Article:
“Finding qualified people is nearly impossible!” A friend of mine, a business owner stated very emphatically. He was very frustrated that his latest hire was not the promising employee he had hoped for.
For the last few months, I have focused my writing on the entry-level employee. My efforts have been aimed at helping young people understand what they are missing and what they will need to compete in the American job market. This month I decided to change things up and direct my attention to the employers. I turned to H. Roy Austin, author, CPA, business coach, MBA, etc., etc. He is a very accomplished professional, whom I had the privilege of meeting at a BNI© meeting. This is an organization that many businesses should belong to and is a topic for a different day.
During my initial contact with Coach, I asked him what the top three errors business owners make with respect to their employees. He answered the following: 1) No defining the foundation of the company. Who you are, what you believe in, how you operate. 2) Hiring based only on education and/or experience. 3) Not being transparent. People need to know what the score is in the game.
During our video conference interview Coach Roy unpacked these thoughts. In a nutshell, Coach has found that too many businesses fail to define their culture to new prospects. They fail to explain the foundation, the fundamental purpose of their business. In his words, “Are they excited about your vision, do they believe in your purpose, do they share your values and are they comfortable with your operating procedures?” Those who are in sync: both employer and employee will most likely fit. Employees who are in sync with your vision, purpose, values and operating procedures are more likely to stay.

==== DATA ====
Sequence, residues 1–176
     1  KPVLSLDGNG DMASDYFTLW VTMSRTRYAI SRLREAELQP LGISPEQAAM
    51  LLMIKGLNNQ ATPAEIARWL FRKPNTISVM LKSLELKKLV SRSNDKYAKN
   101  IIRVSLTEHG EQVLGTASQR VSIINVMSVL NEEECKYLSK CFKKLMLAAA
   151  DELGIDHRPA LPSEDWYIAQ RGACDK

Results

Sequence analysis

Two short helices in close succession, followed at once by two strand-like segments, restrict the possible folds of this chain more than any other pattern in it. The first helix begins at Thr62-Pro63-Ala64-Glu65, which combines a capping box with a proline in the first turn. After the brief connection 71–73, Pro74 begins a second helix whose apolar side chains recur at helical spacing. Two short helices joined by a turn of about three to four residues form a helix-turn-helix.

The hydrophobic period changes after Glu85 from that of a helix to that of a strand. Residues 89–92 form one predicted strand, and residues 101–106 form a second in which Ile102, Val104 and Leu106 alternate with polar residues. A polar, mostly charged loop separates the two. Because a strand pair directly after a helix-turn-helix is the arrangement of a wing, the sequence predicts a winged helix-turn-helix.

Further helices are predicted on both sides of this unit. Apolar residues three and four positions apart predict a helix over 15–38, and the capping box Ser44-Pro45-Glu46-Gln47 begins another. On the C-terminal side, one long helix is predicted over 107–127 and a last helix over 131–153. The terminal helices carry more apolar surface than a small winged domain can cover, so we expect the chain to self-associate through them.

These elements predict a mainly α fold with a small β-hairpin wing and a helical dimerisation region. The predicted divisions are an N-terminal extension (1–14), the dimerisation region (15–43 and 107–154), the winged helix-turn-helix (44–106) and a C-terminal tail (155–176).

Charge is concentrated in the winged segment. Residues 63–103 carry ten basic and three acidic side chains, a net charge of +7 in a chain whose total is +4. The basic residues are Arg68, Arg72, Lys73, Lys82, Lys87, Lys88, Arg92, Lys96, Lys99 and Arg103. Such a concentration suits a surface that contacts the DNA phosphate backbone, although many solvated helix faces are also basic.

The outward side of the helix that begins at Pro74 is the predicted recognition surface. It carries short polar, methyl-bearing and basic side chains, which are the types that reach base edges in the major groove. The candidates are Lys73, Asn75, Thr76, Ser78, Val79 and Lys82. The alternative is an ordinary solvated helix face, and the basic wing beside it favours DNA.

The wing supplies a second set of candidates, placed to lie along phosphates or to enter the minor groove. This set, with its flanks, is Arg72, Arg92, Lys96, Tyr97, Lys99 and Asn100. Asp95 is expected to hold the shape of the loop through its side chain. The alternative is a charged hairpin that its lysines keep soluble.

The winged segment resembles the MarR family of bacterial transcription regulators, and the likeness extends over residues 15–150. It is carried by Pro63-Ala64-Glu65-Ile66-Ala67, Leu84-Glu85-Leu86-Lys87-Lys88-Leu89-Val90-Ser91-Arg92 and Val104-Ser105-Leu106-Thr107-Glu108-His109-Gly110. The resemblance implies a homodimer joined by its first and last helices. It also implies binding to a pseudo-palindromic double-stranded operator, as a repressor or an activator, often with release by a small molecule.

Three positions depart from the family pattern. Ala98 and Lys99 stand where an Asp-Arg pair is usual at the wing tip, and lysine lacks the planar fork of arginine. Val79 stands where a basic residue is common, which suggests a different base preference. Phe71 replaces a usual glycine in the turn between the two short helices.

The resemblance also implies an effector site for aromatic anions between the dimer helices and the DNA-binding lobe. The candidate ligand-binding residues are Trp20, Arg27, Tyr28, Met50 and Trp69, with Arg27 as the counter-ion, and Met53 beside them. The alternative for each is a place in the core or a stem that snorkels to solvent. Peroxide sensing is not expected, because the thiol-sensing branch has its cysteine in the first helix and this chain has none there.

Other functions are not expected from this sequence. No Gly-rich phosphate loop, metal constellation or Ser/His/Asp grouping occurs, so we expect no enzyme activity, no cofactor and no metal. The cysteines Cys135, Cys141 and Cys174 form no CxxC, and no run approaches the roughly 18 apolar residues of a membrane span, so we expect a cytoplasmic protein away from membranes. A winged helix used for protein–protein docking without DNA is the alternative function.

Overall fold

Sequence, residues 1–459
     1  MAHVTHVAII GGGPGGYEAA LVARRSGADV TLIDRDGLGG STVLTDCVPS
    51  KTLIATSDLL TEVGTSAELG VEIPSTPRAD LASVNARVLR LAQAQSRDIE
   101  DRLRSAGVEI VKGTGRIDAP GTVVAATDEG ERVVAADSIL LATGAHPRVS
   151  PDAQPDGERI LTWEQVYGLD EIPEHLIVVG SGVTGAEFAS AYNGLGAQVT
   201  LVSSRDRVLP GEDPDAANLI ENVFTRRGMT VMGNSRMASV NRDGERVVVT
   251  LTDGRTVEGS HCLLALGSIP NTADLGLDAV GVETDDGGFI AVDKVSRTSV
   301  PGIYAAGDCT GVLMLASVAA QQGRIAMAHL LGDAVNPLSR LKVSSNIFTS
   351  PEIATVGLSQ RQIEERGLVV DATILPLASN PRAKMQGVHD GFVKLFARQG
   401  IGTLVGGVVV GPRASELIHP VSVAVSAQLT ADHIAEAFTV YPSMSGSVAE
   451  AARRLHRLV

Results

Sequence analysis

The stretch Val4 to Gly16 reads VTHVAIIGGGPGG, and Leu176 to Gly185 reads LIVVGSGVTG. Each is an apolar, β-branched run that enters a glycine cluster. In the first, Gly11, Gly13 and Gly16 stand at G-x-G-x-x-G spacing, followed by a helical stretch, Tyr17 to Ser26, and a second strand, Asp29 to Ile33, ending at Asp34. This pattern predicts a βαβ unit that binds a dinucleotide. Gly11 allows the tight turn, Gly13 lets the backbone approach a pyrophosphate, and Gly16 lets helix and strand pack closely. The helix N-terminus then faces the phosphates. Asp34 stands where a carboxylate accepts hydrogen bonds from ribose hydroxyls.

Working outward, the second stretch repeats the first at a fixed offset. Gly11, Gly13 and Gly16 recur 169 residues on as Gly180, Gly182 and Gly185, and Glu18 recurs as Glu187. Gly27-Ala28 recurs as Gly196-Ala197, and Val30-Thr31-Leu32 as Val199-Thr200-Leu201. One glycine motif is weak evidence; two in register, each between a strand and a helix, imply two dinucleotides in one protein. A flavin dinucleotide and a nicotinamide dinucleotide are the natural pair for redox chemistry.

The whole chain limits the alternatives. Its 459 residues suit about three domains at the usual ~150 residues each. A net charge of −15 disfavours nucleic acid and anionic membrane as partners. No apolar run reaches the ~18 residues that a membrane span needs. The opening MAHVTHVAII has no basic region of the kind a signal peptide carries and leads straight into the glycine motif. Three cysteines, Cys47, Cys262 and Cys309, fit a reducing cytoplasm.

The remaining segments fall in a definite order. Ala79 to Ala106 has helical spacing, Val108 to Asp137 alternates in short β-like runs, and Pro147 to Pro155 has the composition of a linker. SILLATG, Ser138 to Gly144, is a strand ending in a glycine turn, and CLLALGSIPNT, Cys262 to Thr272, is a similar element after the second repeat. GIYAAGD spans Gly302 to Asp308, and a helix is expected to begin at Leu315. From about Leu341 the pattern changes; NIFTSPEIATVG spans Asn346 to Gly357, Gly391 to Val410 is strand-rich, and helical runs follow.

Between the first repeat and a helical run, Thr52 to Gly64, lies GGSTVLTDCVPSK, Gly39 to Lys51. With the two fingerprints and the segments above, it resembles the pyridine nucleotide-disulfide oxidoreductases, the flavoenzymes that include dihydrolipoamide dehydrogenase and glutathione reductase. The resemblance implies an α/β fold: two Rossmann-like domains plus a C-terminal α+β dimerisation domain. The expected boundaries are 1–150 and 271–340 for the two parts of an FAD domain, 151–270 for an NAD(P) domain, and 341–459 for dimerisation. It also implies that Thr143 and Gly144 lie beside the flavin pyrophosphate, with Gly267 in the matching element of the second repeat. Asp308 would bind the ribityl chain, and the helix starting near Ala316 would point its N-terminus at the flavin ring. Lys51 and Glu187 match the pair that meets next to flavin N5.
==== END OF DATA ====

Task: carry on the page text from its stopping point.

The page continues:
Another important point that Coach Roy made was this, “Star employees can always find another job; however the mediocre and poor employees can’t so they will stay.” This being the case the question now becomes where does an employer begin to make a transition to change the culture of his or her enterprise. Coach Roy gave me a very simple answer. Begin with a self-assessment. Begin with looking in the mirror and ask yourself am I the sort of person I would work for? This is a difficult assignment. One which most people will not do. All too often we become creatures of habit. We continue to do things the same old way because this is what we are comfortable with.
At the end of the day, we must accept responsibility for our professionalism or lack thereof. We are what we have developed ourselves to be. Coach shared a quote with me that I believe is worth repeating:
“We’ve each been given a bag of tools, a formless rock, and a book of rules;
And each must make ere life is flown, a stumbling block or a stepping stone.”
Owning a business is a difficult task. It is not for the faint of heart. Today’s employment market complicates matters even more. However, there is a solid way to staff and run a successful business. Do that self-assessment today and start working on the culture you wish to have at your business.
To reach Coach H. Roy Austin visit his website at https://www.rockwellbusinesssolutions.com
Or his new website http://alligatorbusinesssolution.com
Or email him at firstname.lastname@example.org